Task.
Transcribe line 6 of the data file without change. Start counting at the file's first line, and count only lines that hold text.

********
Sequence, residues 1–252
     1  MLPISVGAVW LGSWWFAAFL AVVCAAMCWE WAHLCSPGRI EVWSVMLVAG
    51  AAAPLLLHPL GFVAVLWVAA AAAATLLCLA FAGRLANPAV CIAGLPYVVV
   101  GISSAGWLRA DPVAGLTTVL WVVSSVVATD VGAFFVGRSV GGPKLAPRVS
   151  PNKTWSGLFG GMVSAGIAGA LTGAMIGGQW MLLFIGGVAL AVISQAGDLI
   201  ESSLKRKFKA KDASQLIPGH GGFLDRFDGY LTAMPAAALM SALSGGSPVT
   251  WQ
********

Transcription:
   201  ESSLKRKFKA KDASQLIPGH GGFLDRFDGY LTAMPAAALM SALSGGSPVT